GENEVA: Dozens of Russian athletes banned by the International Olympic Committee for life over doping began an appeal against their suspension on Monday at the world’s top sports court.
The week-long hearing at the Court of Arbitration for Sport (CAS) includes appeals from 39 Russians who competed at the 2014 Winter Games in Sochi that were tarnished by a vast, Moscow-backed doping scheme, according to multiple independent investigations.
The mass hearing, less than three weeks before the start of 2018 Winter Games in Pyeongchang, is an extraordinary session for CAS and forced the court to temporarily move from its small headquarters in Lausanne to a large conference centre in Geneva.
The first athletes to appear at the court were speed skaters Alexander Rumyantsev, Artem Kuznetzov and Olga Fatkulina, who arrived smiling with a Russian team hoody protecting her head from the rain.
“Now, I think everything will be fine,” Fatkulina, a silver medallist in Sochi, told reporters. CAS secretary general Matthieu Reeb told reporters outside the ad hoc court that any athlete who travels to Geneva will be heard “one-by-one during the week”.
“We don’t yet know exactly if they will all show up,” he said. Another three Russian biathletes who have also appealed against their IOC ban will be heard at a later hearing. Among the witnesses scheduled to testify is Grigory Rodchenkov, the former head of Russia’s anti-doping lab (RUSADA).
He was the key whistleblower who exposed the cheating programme that IOC president Thomas Bach has described as an “unprecedented attack on the integrity of the Olympics”.But Rodchenkov will not testify in person. Instead, he will appear via video-link from the United States, where he fled after the sudden deaths of two senior ex-RUSADA executives.
Canadian lawyer Richard McLaren has also been announced as a witness. McLaren authored the report on Russian cheating for the World Anti-Doping Agency that read in part like a Cold War spy novel, and laid out the workings of the programme — from the use of secret state agents to passing urine samples out of testing labs through mouseholes. But none of the testimony will be open to the public.
The Russians are being represented by Swiss law firm Schellenberg Wittmer, which accused the IOC of punishing their clients “despite a lack of evidence and in violation of their fundamental rights”.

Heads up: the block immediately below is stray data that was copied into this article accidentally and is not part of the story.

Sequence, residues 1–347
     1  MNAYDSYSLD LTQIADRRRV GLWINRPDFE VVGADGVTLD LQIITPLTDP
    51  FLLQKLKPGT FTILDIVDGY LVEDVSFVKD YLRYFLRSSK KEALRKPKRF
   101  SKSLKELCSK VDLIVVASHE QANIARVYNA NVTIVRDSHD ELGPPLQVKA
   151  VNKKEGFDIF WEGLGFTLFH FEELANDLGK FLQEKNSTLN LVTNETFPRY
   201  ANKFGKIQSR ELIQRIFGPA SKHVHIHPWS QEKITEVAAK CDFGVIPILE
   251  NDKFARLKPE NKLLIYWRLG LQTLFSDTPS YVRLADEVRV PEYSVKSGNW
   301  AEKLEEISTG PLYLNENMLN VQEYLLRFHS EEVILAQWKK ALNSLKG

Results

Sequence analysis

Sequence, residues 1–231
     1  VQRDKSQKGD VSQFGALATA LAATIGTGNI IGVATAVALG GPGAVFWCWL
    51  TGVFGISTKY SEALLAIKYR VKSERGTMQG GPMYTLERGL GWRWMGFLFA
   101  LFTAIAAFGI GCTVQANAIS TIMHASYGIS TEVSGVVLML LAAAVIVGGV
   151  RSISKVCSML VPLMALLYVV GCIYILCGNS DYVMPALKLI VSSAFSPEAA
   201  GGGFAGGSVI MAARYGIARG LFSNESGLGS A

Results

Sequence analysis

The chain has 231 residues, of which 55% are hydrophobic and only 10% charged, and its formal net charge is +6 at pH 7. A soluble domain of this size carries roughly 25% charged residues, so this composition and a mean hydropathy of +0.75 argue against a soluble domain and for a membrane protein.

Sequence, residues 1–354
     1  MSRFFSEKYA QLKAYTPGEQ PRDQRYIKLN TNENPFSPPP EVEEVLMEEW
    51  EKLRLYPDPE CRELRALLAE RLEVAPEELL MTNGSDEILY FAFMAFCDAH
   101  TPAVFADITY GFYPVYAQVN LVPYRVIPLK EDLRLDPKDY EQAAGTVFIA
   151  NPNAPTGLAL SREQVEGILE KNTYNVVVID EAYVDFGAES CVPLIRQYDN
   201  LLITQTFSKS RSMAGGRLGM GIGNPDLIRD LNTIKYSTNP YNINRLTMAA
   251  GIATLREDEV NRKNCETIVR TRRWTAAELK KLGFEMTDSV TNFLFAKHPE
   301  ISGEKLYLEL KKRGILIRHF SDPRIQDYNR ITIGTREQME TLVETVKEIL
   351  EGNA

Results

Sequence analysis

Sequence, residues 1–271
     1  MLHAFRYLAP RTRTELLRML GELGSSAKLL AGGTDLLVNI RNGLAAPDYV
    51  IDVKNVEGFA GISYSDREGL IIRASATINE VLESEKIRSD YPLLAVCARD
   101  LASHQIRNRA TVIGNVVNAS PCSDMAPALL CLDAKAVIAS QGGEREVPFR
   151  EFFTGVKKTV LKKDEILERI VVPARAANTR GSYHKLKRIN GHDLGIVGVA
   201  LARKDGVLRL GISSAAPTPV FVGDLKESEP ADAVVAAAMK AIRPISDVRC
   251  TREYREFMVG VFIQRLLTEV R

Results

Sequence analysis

In a statement, the firm noted that two winter sport federations — bobsleigh/skeleton and luge — had separately raised concerns about the credibility of the IOC bans and urged CAS judges to follow suit.
The IOC took its action after its own inquiry confirmed evidence revealed in two separate WADA investigations. Many of the details about Russia’s state-supported doping programme were first uncovered by a groundbreaking German investigation.
The Games in Pyeongchang, South Korea start on February 9. Twenty-one of the 42 banned Russians say they want to compete. CAS has said it will deliver a decision between January 29 and February 2.
But even if any of the Russians secure what would be a surprise victory on appeal, the road to Pyeongchang would still remain complicated. The IOC has banned Russia from the 2018 Games. Russians who want to compete are being forced to pass a unique set of anti-doping tests.
Those deemed clean will be allowed to appear in Pyeongchang under a neutral flag as an “Olympic Athlete from Russia”.On Friday, the IOC said the pool of Russians who could potentially be eligible for the 2018 Games had been reduced from 500 to 389.
None of the 42 banned Russians were on the list, making it nearly impossible for any of them to clear their names by the end of the month and then manoeuver their way towards Pyeongchang eligibility by February 9. Russia’s deputy prime minister responsible for sport Vitaly Mutko — also suspended for life by the IOC over his role in the doping scandal — said last week that he believed around 200 Russians would ultimately be cleared for Pyeongchang.